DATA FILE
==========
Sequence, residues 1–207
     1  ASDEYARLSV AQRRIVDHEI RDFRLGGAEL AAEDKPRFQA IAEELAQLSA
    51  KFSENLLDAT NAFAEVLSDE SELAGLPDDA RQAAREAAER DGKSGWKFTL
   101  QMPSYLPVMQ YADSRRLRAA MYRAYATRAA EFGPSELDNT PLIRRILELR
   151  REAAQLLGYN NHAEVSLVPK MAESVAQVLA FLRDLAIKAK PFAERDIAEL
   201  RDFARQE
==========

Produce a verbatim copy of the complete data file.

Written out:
Sequence, residues 1–207
     1  ASDEYARLSV AQRRIVDHEI RDFRLGGAEL AAEDKPRFQA IAEELAQLSA
    51  KFSENLLDAT NAFAEVLSDE SELAGLPDDA RQAAREAAER DGKSGWKFTL
   101  QMPSYLPVMQ YADSRRLRAA MYRAYATRAA EFGPSELDNT PLIRRILELR
   151  REAAQLLGYN NHAEVSLVPK MAESVAQVLA FLRDLAIKAK PFAERDIAEL
   201  RDFARQE